Ambiguous gender

If you look for "internet" in the Real Academia Española dictionary you will see:

1. amb. Red informática mundial, descentralizada, formada por la conexión directa entre computadoras mediante un protocolo especial de comunicación.

According to the Real Academia Española the above mentioned words are ambiguous, that is, they have an ambiguous gender. They can be masculine and feminine but their meaning will be exactly the same in both genders. 

In Spain the word "internet" is usually used with no article: "Internet es muy amplio" or with the masculine article "el": "el internet". 

There's no rule that let us recognize an ambiguous term but, in general, it is chosen depending on the register, context or dialect and personal preferences. For instance, in maritime context, "mar" is used following the feminine article (la mar). In our opinion, the best way to know if a term is ambiguous is by checking it out in the dictionary. Moreover, it is important to say that ambiguous names have not been always the same so they change over the years. "Calor" was registered in the 21 edition of Real Academia Española dictionary (1992) as an ambiguous name but now "la calor" (femenine) is considered vulgar and archaic so it is only possible the masculine gender. 

In the 22nd edition of Real Academia Española dictionary (2003) there are registered 105 terms that are considered ambiguous (amb.):  ábside, aguafuerte, alfoz, ánade, anatema, aneurisma, apóstrofe, armazón, arte, azúcar, bajante, blazer, canal, casete, cobaya, cochambre, delicatessen, doblez, dote, duermevela, enzima, esperma, fueraborda, herpe/herpes, hojaldre, interrogante, interviú, lavaplatos, lavavajillas, lente, linde, mar, margen, mimbre, monzón, mousse, orden, pastoral, pelambre, pringue, pro, psicoanálisis/sicoanálisis, radio, rara avis, reuma/reúma, teletipo, testuz, tilde, tizne, trípode, túrmix, vertiente, vodca/vodka...

Do you know any other ambiguous term?

lunes, 4 de agosto de 2014

The most common words in the Spanish Language according to 20 writers

The newspaper El País met writers from the twenty Spanish-speaking countries and each choose one word that best represents their regional variety of the language. The result of the survey is a sonorous atlas of the Spanish language that is, without a doubt, a good opportunity to be amazed by the diversity of the Spanish language, which is rich in regional varieties and dialects. The words proposed by those surveyed include:

Argentina: boludo (Juan Gelman). “A very popular term that is highly ambiguous today, it refers to a silly, stupid, or idiotic person. However, it does not always imply this insulting connotation”, since, more recently, it has been adopted as a term of endearment among friends.
Bolivia: jailón (Edmundo Paz Soldán). “It refers to someone from ‘high society,’ and its connotation tends to be negative.”

Chile: patiperro [literally: dog feet; refers to “itchy feet,” or a desire to travel.] (Antonio Skármeta). “We Chileans have ‘dog feet’. We often leave our home chasing vague daydreams or due to pressing needs that motivate us to leave the country. Enclosed in a thin piece of land between the sea and the Andes, we want to break limits and nose around.”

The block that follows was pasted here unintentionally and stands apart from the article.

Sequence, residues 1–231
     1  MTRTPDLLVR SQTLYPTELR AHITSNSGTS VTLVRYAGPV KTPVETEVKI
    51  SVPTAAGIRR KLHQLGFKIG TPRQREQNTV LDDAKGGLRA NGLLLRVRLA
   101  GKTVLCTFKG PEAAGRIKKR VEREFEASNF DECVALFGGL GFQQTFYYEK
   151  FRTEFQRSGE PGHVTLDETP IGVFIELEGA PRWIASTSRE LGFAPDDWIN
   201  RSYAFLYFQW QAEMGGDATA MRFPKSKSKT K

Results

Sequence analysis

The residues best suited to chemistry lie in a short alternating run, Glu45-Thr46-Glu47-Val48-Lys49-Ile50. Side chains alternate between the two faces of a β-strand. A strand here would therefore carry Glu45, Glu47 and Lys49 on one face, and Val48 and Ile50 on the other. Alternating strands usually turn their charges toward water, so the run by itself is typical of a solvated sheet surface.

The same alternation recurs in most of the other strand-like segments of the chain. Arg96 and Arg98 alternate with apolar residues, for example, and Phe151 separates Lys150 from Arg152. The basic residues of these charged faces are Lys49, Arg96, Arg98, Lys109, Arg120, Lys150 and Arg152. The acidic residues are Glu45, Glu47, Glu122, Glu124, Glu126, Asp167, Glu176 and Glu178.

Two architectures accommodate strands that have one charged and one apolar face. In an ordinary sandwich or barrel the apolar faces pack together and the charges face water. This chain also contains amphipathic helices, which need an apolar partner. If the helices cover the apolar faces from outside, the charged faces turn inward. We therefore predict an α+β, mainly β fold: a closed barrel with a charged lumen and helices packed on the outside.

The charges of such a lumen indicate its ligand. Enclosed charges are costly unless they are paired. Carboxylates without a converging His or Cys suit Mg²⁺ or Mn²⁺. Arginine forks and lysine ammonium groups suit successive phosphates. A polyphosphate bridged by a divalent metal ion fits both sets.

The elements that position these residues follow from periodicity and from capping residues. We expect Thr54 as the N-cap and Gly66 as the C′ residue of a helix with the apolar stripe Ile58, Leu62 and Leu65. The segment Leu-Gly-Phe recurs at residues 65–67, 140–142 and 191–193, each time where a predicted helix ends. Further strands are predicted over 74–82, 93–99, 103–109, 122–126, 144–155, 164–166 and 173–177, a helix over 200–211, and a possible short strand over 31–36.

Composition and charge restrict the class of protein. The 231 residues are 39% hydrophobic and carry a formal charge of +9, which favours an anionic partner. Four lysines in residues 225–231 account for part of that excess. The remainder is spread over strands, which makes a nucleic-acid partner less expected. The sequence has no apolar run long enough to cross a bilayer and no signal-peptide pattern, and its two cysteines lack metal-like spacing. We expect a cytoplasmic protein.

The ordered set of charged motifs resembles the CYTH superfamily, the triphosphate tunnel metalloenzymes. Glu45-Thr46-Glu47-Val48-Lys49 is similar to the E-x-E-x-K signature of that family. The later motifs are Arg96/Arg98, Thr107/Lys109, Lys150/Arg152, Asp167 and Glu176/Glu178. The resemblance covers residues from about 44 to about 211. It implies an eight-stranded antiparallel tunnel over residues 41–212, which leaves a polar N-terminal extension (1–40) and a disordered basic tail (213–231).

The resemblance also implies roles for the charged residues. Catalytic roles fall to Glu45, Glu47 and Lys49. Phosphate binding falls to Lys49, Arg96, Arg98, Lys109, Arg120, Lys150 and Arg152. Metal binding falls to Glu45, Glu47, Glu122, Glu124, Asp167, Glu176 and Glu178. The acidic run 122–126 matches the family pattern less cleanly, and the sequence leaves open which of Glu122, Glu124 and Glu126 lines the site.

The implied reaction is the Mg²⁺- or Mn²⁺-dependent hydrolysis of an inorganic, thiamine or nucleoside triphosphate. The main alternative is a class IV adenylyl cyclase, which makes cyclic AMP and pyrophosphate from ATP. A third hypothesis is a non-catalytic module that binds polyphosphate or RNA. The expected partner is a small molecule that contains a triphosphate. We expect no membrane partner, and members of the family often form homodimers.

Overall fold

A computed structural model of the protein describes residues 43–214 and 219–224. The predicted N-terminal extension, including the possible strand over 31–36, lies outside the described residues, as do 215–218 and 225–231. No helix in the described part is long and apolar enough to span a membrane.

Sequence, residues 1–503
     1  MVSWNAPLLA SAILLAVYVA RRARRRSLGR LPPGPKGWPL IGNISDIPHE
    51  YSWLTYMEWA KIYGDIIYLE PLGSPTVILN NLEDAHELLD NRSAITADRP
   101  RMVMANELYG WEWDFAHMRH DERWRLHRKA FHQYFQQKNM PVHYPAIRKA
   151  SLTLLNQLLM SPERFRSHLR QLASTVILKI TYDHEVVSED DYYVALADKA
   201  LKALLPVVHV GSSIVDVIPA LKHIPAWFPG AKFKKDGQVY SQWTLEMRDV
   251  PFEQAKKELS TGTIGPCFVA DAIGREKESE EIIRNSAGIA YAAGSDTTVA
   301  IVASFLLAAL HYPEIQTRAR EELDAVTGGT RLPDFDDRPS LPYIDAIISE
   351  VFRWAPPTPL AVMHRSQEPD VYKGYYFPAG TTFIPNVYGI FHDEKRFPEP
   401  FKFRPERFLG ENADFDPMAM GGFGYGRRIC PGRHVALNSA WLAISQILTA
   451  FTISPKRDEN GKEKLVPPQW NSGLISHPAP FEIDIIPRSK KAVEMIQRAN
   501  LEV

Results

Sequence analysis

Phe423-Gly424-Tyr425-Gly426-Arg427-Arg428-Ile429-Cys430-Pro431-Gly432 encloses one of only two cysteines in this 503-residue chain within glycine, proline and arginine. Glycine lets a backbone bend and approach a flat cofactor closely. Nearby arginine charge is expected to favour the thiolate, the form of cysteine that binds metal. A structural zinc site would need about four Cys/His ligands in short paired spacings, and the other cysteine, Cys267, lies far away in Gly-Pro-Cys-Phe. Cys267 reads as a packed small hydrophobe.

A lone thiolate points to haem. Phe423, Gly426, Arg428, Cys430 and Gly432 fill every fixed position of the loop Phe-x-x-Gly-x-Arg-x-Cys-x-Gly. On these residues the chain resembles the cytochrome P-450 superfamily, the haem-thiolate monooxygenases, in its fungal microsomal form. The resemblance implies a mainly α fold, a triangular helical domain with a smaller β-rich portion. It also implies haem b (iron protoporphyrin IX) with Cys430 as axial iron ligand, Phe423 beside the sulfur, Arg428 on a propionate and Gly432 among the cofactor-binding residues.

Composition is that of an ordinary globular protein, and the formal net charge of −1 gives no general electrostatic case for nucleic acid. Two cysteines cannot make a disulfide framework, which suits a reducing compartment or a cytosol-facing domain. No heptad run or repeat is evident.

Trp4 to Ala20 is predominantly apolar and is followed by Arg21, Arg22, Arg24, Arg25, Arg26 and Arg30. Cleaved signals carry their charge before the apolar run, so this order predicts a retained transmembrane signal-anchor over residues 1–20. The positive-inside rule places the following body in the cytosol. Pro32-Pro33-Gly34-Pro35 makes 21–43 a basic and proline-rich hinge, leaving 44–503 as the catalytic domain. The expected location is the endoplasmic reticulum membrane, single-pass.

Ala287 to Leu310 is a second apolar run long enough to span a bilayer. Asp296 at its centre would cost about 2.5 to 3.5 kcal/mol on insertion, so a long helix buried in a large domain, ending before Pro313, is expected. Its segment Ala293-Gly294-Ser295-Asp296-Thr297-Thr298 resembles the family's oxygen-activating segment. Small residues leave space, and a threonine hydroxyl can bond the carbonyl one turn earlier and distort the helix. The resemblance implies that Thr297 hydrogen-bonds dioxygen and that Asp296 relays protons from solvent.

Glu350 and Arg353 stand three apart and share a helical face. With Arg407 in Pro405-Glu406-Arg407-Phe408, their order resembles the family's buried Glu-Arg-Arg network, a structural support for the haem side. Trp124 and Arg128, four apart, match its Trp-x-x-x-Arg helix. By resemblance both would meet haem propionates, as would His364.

Colombia: vaina [pain] (Laura Restrepo). “We exclaim ‘¡qué vaina! [literally, what pain!] to refer to a disaster, and ¡qué buena vaina! [literally, what good pain!] to refer to a triumph or even salvation. In order to specify its extensive meanings, it tends to be preceded by the demonstrative pronoun esa [that], for example, pásame esa vaina [give me that pain] we say, signaling with our index finger, and we can be asking for anything from a needle to an elephant. Ya salí de esa vaina [I already got out of that pain] alludes to any relief, from having been cured of a cold to having won a lawsuit. For foreigners visiting this land, becoming familiar with the multiple and versatile use of vaina will save them from having to learn Spanish.”

Costa Rica: tuanis (Carlos Cortés). “¿Todo tuanis?” [Everything going good?]

Cuba: asere (Wendy Guerra). “Some people say that it means ‘I greet you,’ whereas others say that it means ‘crazy’ in the Lucumi language. “Asere” and “Asere que bola” are the most common ways of saying hello and is distinguishes Cuba from the rest of the world.”

Ecuador: yapa (Gabriela Alemán). “…something additional, a gift. When I was ten years old, in all of the bakeries in Quito they gave a yapa to regular customers. They were one or two loaves of bread that established a friendship.”

El Salvador: cipote (Horacio Castellanos Moya). “It is a commonly used word that is synonymous with ‘child’, ‘young’, or ‘immature adult’."

Spanish: contradiós (Álvaro Pombo). “A Spanish colloquialism that is used to describe something that is absurd or irrational…”

Guatemala: kaibil (Rodrigo Rey Rosa). Word of Mayan origin used to describe a special type of commando unit, notorious for its bloodthirsty nature, which fought in the war against the guerillas.

Honduras: pija (María Eugenia Ramos). It means “penis,” a word which Hondurans use to “express ourselves from enthusiasm to indifference, through anger and altered states of consciousness. It is used as a noun, verb, and adjective.”

Mexico: pinche (José Emilio Pacheco). It is a derogatory word meaning “damn.”

Nicaragua: chunche (Sergio Ramírez). “A chunche can be anything and everything, from a joker jumping up and down without resting, to a piece of furniture, a device, a tool, or a vehicle.” Just as with the Mexican word pinche, its ample use makes it ubiquitous.

Panama: sinvergüenza (Carlos Wynter Melo).  It is, literally, someone who shows no shame.
Paraguay: curuvica (José Pérez Reyes). It is a very small fragment that is the product of grinding a solid material.

Peru: huachafo (Iván Thays). A synonym of the word “tacky,” but goes even further by being applicable to grammar or society: “Being a huachafo is pretending to be something one is not…”

Puerto Rico: bregar (Mayra Santos-Febres). “…the ubiquity of the word describes a way of life. One must bregar [to struggle] a lot when living in Puerto Rico.”

Dominican Republic: olla (Rita Indiana Hernández). The term indicates an unfortunate circumstance that one fears falling into.

Uruguay: celeste (Claudia Amengual). Meaning “light blue,” the term refers to the color of the country’s national soccer team t-shirt as well as of the national flag.

Venezuela: bochinche (Rafael Cadenas). Originally meaning “scandalous party,” it now is often used to mean “disorder” or “commotion.”

via El País

To view the Spanish version of this post, go to: